Rep. Shuster: FAA could cut budget in ‘smarter way’

Shuster said the agency was inefficiently implementing its budget cuts and air traffic controllers “need be in the towers making sure the air is safe for our flying public.”

The flight delays have sparked public anger, with Republican lawmakers accusing the White House of inconveniencing travelers to win support for their stance in budget fights. Democrats and labor unions, though, lay the blame squarely on the sequester.

The FAA says it has no choice but to furlough air traffic controllers in addition to its other employees because it is required to cut its budget by $600 million under the sequester. The agency says the sequester requires it to make cuts everywhere across its budget.

The FAA said that 1,200 flights were delayed on Monday as a result of the sequester, in addition to another 1,400 flights that were late because of weather and other issues, like mechanical problems.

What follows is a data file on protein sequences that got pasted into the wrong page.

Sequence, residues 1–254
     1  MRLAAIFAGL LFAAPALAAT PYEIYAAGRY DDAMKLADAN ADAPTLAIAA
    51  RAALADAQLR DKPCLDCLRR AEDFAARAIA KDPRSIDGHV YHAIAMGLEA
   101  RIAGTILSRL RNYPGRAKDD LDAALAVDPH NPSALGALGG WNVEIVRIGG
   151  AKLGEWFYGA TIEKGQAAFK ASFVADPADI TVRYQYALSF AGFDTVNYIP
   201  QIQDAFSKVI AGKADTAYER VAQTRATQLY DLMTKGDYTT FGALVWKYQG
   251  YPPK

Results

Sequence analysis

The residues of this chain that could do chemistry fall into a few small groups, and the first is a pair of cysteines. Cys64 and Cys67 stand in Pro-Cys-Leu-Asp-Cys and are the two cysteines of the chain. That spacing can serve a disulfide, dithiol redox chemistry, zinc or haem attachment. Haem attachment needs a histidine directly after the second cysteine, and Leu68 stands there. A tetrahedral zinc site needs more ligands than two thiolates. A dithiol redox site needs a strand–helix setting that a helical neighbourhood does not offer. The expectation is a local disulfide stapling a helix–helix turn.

Shuster said Wednesday that the delays could be mitigated if the FAA focused on keeping air traffic controller staffing levels high at major airports.

“They are treating Chicago, that has 8,000 flights a day, the same as they’re treating Waterloo, Iowa, that has 80 flights a day,” he said.” We can do this in a smarter way. This administration has the flexibility to do that, and they’re not doing it.”

Shuster said Republicans would have to “keep the pressure on this administration” to reduce the amount of delays that are faced by airline passengers between now and the end of the 2013 fiscal year in September.

The FAA has estimated that as many as 6,700 flights could be delayed this summer as a result of the sequester.

“The American people need to look at this,” Shuster said. “We need to do this in a way that makes sense and continues to help the economy and not hurt the economy. And it will hurt the economy all across this nation the way it is being implemented."

Russell Berman contributed to this report.